Liz Jones


Year started with KUOW: 2006

Liz reports on immigration and emerging communities for KUOW. Her work covers issues within our region’s growing immigrant and refugee populations, as well as stories connected to minority groups with a longer history in the area.

She comes to KUOW after several years at an online news startup, which was later bought by Oxygen Media in New York.  Her last position there was health editor for the network’s website.

Liz has also lived in Spain and Peru and speaks Spanish. She is a graduate of the University of Washington, with a degree in communications.

Liz’s work for KUOW has taken her to Mexico and India. Both those reporting trips produced award-winning documentaries. In 2009, Liz received a regional Murrow award for a documentary about indigenous Mexicans who migrate to the Seattle area. In 2014, she won a national Gracie award and RTNDA’s Kaleidoscope Award for a series that focused on immigration-related links between India and the Puget Sound region.

Her work has also been heard on national shows including NPR’s Morning Edition, All Things Considered, Here & Now, The World, Only A Game, Marketplace, The Takeaway and BBC News Service.  

Ways To Connect

Capitol Hill rainbow crosswalk at 10th Ave & East Pike Street.
Flickr Photo/Gordon Werner (CC BY SA 2.0)

More rainbow crosswalks are coming to the hub of the Seattle gay community on Capitol Hill. That’s just one item in the mayor’s action plan to improve safety for LGBTQ people in the city. 

Joseph McEnroe was found guilty in the 2007 murders of his ex-girlfriend's family -- four adults and two children.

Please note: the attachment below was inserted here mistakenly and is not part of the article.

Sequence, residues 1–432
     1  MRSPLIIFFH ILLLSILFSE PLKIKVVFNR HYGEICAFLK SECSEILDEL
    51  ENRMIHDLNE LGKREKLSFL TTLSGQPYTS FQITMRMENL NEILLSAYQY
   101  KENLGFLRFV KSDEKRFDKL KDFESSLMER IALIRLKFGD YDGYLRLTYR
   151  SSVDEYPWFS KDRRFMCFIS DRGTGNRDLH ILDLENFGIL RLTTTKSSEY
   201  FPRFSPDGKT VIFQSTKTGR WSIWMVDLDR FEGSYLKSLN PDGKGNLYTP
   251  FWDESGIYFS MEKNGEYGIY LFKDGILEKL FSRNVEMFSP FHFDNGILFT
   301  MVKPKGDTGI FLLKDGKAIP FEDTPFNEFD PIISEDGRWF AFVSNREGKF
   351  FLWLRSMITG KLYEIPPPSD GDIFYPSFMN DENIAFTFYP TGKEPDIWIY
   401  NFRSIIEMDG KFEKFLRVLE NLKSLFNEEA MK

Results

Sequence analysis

AP Pool Photo/Ellen Banner

A woman charged in the murder of her family in Carnation, Washington, will not face the death penalty, the King County prosecutor said Wednesday.

Flowers are piled outside the International District Emergency Center on Thursday in tribute to Donald Chin, who was shot to death earlier in the day.
KUOW Photo/Liz Jones

Some called Donald Chin the face of Seattle's Chinatown. Others called him its protector.

Chin, 59, was fatally shot early Thursday morning in the neighborhood that was the focus of his life's work.

King County leaders say the civilian agency that monitors the Sheriff’s Office needs more authority to do its job. A public hearing Monday will look at a proposal for reforms. KUOW’s Liz Jones explains.

Theo Polizos, right, prepares bougatsa at St. Demetrios Greek Orthodox Church in Seattle.
Seattle Globalist Photo/Venice Buhain

As Theo Polizos and about a half dozen other women at St. Demetrios Greek Orthodox Church on Capitol Hill prepared dozens of trays of bougatsa last week for the parish’s upcoming Greek Festival, their families in Greece were not far from their minds.

Duwamish Chairwoman Cecile Hansen, left, stands with family and supporters at the tribe's longhouse.
KUOW Photo/Liz Jones

Duwamish tribal members say they'll keep fighting after the federal government denied their longstanding petition to be recognized as a tribe.

Neighbors, police and pastors gather at a vigil for Torrence Spillers.
KUOW Photo/Liz Jones

Members of Seattle's black clergy mourned the recent shooting death of a black man in his 30s in Seattle's Central Area. The man, identified by those at the vigil as Torrence Spillers, was killed on Thursday afternoon.